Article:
- 64A: Throw the flag on, so to speak (penalize) - just the gimme I needed in the SE, complementing perfectly (and symmetrically) the gimme I needed in the NW: ACT ALONE (15A: Not have an accomplice).
- 66A: Textbook offerings (examples) - stared at EXAMELES for a while because of the whole ALE-for-ALP debacle (see above).
- 1D: "English Suites" composer (Bach) - I own more music by Bach than by any other classical composer (save maybe Beethoven and R. Strauss). And yet, and I'm not kidding, it was not until I started this write-up that I realized BACH was the BACH. I figured he was some "English" guy I just hadn't heard of.
- 4D: Long-snouted fish (gar) - a great great crossword fish.
- 6D: Bench warmer? (bottom) - thought the clue was going to send me in the direction of Johnny Bench for a while.
- 9A: Like Sydney Carton at the end of "A Tale of Two Cities" (beheaded) - great clue / answer. Gruesome, but great.
- 63A: Tabitha's grandmother on "Bewitched" (Endora) - my favorite character on this fabulous show. ENDORA is the original drag queen.
- 13D: Masked critter (coon) - I guess "critter" tells you we're in the land of vernacular, hence the clipped COON.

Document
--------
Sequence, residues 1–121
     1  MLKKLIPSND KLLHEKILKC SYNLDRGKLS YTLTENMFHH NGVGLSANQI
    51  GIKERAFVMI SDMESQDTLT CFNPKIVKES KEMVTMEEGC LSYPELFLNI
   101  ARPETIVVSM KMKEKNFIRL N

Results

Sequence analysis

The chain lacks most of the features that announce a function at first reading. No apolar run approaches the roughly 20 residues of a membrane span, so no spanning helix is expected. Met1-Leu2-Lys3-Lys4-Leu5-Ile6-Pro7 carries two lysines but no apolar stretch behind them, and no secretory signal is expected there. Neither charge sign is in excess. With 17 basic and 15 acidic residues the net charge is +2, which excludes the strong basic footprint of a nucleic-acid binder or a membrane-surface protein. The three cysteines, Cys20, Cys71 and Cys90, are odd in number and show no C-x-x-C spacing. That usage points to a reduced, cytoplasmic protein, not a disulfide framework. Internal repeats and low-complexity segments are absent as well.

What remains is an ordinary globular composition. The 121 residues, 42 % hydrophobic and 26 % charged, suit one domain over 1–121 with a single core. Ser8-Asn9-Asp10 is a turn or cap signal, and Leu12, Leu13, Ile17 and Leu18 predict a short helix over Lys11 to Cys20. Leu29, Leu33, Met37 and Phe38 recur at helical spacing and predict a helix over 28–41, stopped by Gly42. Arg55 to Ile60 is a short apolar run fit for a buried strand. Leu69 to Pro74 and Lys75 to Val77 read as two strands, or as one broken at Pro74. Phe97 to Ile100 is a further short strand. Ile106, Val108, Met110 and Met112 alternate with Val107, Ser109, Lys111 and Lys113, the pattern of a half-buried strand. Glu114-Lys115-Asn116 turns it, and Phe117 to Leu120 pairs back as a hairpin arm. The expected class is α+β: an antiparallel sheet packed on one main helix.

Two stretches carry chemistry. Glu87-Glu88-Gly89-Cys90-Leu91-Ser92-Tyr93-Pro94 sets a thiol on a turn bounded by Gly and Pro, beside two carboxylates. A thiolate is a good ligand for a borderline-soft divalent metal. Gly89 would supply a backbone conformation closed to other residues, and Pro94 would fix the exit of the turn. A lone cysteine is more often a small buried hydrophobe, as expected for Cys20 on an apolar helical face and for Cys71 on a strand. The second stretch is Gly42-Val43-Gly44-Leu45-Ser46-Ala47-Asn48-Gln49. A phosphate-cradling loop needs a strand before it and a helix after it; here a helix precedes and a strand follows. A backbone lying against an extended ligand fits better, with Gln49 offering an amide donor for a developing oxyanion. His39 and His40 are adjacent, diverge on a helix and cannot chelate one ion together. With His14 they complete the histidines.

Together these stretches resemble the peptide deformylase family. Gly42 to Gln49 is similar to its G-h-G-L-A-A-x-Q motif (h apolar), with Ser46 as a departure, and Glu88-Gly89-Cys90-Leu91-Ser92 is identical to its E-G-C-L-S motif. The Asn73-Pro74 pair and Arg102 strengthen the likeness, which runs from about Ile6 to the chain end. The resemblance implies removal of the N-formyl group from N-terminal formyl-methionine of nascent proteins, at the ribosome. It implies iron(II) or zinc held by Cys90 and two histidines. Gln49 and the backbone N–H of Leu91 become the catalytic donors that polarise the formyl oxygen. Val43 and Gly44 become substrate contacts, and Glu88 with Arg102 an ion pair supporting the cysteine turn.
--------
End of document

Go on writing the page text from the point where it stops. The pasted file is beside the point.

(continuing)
- 14D: Elevated Sicilian city (Enna) - with a name like ENNA, you (and I) had better remember it for future crossword reference.
- 24D: Ellipsis component (dot) - tripped at first thinking the clue said "ellipse" - wanted ARC.
- 31D: Grading gamut (ABCDF) - cheap or genius? You be the judge.
- 33D: Little shaver's conveyance (trike) - "Little shaver," HA ha. Answer should be TRIKE ... IN THE 1950S.
- 39D: Like sushi fish, typically (eaten raw) - perfect. And tasty.
- 40D: German tennis star Tommy (Haas) - I'm more familiar with his American counterpart, actor Lukas.
- 46D: State capital originally called Crabtown (Helena) - possibly the best idea Montana ever had, this renaming. "We're thousands of miles from the ocean ... let's call ourselves Crabtown!" "Hurray! Yee haw! [gunshots into the air]"
- 49D: Support in skullduggery (abet) - ABET is exceedingly common, but this may be the best clue it's ever received.
- 53D: Ring of the Fisherman wearer (Pope) - something to do with Christ making his apostles "fishers of men," I'm guessing. Too lazy to look it up.
- 55D: Czech runner Zatopek (Emil) - shows up a surprising lot in xwords. I've even seen ZATOPEK in the puzzle once.
Signed, Rex Parker, King of CrossWorld